Well, that's one way to get long-term interest rates up.
U.S. Treasuries maturing in five years or more fell after the government said it is considering resuming sales of 30-year bonds for the first time since 2001.As I type the 10-year is up to 4.23%, rising over 1% today. Now this is still nothing compared to where it was in late March (~4.6%), but one has to wonder if the ultra-low ten-year yields can last with the 30-year on the way. And more importantly, what will this do to mortgage rates which tend to move in tandem with the 10-year? After all, it was late March when the 30-year FRM topped 6.0% for the first time since July 2004.
The prospect of additional supply of longer-maturity debt pushed the so-called long bond to its biggest decline in almost two months. As recently as last month Treasury officials said they had no plans to bring back the security.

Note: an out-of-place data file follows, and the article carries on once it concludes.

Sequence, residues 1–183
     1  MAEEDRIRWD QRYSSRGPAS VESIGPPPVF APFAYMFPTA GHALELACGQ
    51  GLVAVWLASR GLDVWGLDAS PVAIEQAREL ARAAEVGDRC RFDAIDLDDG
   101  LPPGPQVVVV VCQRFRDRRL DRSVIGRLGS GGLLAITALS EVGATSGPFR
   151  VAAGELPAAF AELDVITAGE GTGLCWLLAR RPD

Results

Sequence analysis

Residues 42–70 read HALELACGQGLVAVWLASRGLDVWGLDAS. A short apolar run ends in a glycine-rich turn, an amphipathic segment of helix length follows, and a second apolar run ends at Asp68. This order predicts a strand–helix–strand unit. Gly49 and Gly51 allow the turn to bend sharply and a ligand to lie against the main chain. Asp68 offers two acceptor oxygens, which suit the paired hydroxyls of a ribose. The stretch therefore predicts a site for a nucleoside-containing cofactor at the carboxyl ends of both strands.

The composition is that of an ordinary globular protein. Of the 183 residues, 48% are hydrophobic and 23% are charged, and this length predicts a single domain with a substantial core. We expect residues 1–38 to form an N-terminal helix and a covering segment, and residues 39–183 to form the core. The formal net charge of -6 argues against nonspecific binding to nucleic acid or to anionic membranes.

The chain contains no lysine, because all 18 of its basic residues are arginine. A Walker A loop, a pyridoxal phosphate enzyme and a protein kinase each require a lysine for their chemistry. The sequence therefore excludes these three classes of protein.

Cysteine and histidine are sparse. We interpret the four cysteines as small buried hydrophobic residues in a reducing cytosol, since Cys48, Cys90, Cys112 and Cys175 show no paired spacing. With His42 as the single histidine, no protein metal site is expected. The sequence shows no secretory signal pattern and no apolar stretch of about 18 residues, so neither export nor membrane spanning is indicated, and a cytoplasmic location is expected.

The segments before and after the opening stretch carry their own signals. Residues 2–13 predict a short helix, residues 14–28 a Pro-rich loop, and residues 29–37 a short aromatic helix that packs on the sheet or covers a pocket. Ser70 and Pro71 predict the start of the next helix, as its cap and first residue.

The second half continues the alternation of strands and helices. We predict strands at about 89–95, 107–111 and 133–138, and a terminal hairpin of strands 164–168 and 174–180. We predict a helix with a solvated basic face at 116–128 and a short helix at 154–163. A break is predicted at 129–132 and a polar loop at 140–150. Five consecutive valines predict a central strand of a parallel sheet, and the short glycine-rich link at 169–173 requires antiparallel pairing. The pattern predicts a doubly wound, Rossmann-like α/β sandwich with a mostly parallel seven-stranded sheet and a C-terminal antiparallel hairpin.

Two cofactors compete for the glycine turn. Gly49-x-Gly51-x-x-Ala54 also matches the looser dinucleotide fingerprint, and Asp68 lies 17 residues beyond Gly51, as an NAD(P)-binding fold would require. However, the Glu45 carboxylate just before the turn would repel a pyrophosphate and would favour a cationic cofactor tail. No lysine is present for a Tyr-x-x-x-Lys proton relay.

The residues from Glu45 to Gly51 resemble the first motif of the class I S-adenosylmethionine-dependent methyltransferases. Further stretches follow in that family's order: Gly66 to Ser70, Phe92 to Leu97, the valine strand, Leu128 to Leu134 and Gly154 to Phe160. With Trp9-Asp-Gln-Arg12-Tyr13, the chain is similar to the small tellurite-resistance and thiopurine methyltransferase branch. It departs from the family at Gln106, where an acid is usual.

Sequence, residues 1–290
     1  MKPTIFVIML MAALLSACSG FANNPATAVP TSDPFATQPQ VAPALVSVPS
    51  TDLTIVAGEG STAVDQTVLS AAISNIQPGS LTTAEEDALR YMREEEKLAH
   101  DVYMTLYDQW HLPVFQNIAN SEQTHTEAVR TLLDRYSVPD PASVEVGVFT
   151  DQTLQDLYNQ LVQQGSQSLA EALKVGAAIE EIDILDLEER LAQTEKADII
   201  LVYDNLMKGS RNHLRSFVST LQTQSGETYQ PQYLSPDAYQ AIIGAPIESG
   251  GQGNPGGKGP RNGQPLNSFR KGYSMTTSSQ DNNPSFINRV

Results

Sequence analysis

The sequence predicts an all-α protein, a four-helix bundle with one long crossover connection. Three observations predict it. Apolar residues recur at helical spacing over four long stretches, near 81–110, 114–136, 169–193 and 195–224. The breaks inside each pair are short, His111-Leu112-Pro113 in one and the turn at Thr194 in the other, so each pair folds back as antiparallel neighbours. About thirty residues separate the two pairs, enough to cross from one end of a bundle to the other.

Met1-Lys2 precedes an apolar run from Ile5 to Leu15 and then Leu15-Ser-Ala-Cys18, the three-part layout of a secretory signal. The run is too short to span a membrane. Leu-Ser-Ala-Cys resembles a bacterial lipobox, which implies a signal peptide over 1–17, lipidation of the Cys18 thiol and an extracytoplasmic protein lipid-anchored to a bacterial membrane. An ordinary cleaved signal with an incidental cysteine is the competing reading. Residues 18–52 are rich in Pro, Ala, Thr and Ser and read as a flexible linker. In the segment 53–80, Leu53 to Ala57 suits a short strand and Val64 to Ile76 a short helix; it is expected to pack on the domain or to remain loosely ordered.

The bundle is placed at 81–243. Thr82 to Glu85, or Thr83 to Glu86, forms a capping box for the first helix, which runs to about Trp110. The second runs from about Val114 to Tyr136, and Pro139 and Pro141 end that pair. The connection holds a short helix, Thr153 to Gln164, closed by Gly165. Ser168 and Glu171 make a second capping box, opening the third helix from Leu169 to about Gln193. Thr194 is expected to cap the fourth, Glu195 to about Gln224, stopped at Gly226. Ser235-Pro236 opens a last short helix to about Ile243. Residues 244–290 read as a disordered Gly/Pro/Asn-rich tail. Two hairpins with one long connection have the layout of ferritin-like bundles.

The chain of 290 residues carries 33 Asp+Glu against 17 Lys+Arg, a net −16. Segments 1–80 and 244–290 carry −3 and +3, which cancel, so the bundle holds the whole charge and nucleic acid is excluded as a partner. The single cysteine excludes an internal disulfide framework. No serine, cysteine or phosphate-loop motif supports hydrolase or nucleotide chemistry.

``It definitely caught the market off guard,'' said Joseph Shatz, a government bond strategist at Merrill Lynch & Co. in New York and one of the 22 primary dealers of U.S government securities that are obligated to bid at the Treasury's auctions. ``I don't think anybody was prepared'' for today's announcement.
Keep your eyes peeled. The Bush administration just might flood global debt markets yet.